Josef Albers: Minimal Means, Maximum Effect

Josef Albers
Homenaje al cuadrado: Protegido, 1952
© The Josef and Anni Albers Foundation/VEGAP, Madrid, 2014

Josef Albers: Minimal Means, Maximum Effect is the first retrospective in Spain devoted to Josef Albers (1888–1976). Comprising more than one hundred works of art in addition to furniture, objects, photographs, and a range of documentary material, the exhibition has been devised and developed over the last years in close collaboration with The Josef and Anni Albers Foundation (Bethany, Connecticut).

Notwithstanding its retrospective character, the exhibition is not structured as a simple chronological survey of the artist’s work, although this would in itself be enormously enriching and instructive. Rather, it presents the work of Josef Albers as a project equally characterized by its coherence and its search for simplicity, its productive use of deliberately limited means and resources, its respect for manual labor and its emphasis on experimentation with color, taking material shape in a body of work with a marked poetic and spiritual content. Albers’ output is decidedly the result of a judicious administration of artistic resources. In its totality his oeuvre is the consequence of a true “economy of form.

With the exception of his earliest creations, which deploy an Expressionist idiom typical of early 20th-century Germany, the work of Josef Albers was completely governed by an economy of means that constitutes the guiding thread of his artistic practice. One of the artist’s first texts, published in 1928 with the title “Werklicher Formunterricht,” opens with the following words: “Ours is an economically oriented age,” and goes on: “In earlier times, world-view was more important”. Nonetheless, the idea of economics as employed by Albers is not that of the exchange of goods, in other words it is not the limited market economy. The term has a more profound, universal meaning: it is the economics of the exchanges between human beings and between them and the objects of the world.

From this broader viewpoint, the exhibition and its accompanying catalogue also explore Albers’ working process and his reflection about teaching, his theoretical and practical activities, given that in this area too he was a remarkable figure: a student and later a professor at the Bauhaus in Weimar and Dessau, and a teacher at Black Mountain College and finally at Yale University, in a way comparable to few other artists Albers’ life was closely linked to the two most advanced experiments in art teaching in the 20th century. The exhibition aims to emulate his pronounced pedagogical vocation and thus includes teaching material and exercises by his students at the Bauhaus and at Yale, most notably those pertaining to his final years at Yale, in the form of the student works that Albers would use to structure his celebrated text Interaction of Color.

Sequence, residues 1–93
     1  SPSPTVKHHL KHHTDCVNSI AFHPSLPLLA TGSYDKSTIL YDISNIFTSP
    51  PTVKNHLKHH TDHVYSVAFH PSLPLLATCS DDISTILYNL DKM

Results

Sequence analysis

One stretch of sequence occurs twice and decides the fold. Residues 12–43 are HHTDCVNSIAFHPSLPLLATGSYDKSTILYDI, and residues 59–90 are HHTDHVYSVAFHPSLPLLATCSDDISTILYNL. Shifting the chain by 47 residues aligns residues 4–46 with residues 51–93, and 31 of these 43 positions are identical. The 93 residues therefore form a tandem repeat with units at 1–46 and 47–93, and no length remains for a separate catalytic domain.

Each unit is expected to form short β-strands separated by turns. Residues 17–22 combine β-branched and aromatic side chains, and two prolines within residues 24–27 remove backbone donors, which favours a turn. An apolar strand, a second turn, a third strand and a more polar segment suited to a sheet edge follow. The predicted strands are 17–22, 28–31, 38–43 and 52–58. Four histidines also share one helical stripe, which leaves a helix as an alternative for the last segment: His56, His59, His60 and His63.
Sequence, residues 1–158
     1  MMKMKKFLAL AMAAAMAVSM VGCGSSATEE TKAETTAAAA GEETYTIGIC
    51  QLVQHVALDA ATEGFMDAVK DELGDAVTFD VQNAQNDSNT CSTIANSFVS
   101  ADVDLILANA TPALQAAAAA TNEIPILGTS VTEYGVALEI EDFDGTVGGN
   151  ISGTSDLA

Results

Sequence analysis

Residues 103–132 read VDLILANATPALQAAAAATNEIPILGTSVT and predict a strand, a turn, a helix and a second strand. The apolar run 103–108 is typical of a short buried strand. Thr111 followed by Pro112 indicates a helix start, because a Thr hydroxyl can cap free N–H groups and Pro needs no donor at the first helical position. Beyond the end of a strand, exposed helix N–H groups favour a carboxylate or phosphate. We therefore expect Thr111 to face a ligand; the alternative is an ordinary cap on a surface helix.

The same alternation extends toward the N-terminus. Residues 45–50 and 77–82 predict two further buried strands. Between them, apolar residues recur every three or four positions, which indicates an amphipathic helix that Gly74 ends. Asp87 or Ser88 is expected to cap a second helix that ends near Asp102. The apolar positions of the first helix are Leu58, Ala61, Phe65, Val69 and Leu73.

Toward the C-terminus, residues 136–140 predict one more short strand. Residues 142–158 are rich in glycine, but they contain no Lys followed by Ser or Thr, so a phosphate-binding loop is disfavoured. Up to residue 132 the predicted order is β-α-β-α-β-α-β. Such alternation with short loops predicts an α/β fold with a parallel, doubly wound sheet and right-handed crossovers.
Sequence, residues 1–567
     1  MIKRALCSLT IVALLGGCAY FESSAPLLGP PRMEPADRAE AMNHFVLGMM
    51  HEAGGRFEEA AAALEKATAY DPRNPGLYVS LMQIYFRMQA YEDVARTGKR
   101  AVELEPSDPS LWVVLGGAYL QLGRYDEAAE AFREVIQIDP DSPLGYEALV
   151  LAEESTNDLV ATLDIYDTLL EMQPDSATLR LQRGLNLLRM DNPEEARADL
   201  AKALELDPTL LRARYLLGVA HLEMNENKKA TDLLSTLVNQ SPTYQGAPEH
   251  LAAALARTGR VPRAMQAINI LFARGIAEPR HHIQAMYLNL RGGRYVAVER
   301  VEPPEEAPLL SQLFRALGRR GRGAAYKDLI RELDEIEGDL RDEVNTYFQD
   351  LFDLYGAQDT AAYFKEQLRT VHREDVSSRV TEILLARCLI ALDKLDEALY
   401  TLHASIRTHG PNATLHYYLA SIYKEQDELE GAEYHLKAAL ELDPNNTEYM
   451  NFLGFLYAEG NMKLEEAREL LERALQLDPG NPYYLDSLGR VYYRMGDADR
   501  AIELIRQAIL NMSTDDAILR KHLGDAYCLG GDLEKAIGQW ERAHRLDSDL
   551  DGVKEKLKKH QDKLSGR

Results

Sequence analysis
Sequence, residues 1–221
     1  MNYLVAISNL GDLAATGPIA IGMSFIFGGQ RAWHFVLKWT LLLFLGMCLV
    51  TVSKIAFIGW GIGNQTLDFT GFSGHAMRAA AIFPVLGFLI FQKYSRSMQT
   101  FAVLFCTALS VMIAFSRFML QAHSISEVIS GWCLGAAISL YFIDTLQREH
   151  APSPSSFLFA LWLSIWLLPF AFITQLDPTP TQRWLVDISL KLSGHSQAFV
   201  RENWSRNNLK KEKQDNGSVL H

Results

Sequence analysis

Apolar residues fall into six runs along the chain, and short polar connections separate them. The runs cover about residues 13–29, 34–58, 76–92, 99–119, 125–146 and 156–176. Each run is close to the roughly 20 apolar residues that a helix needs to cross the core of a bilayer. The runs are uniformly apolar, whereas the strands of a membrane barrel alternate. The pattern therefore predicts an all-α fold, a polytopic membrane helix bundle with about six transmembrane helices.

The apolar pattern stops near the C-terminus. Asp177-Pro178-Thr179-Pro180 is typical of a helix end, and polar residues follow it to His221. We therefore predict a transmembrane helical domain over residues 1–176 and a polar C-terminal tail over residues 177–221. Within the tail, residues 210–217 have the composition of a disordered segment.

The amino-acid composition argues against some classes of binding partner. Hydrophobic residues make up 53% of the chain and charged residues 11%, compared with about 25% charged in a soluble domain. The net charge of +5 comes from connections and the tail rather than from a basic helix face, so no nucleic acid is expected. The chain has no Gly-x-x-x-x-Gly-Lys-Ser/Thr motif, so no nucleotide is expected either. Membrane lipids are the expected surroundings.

With regard to his activities as a writer on art and educational theory and as a teacher and poet, the exhibition catalogue includes an extensive documentary section with 57 texts by Albers, 26 of them previously unpublished. In addition, it brings together 14 accounts of him by colleagues, students, art historians, essayists and writers, 4 of which are published here in English for the first time. The texts by Albers himself reveal how the uniquely economical approach that determined his artistic creation also prevailed in his theoretical reflections and in his ideas on teaching and the practice of art and design. The reader will appreciate that in the texts written by Albers between 1924 and 1966 the same, or very similar, ideas and deep-rooted convictions constantly reappear, tried and tested against his vision of the world and his experience of life. This is not, however, mere repetition or recycling, but rather an authentic “economy of distribution.” In his texts, Albers made intelligent use of his ideas, “investing” them in fields as different as artistic creation, historical and contemporary consciousness, typography, art teaching, abstract art, color, design, architecture and the meaning of existence. Even the most dispassionate reading of these texts will reveal that the investment Albers made in reflecting on the most theoretical and the most practical issues throughout the course of his life was not only paid back in full but continues to offer intellectual dividends to this day.

Josef Albers: medios mínimos, efecto máximo
Fundación Juan March
Castelló 77. 28006
Madrid, España

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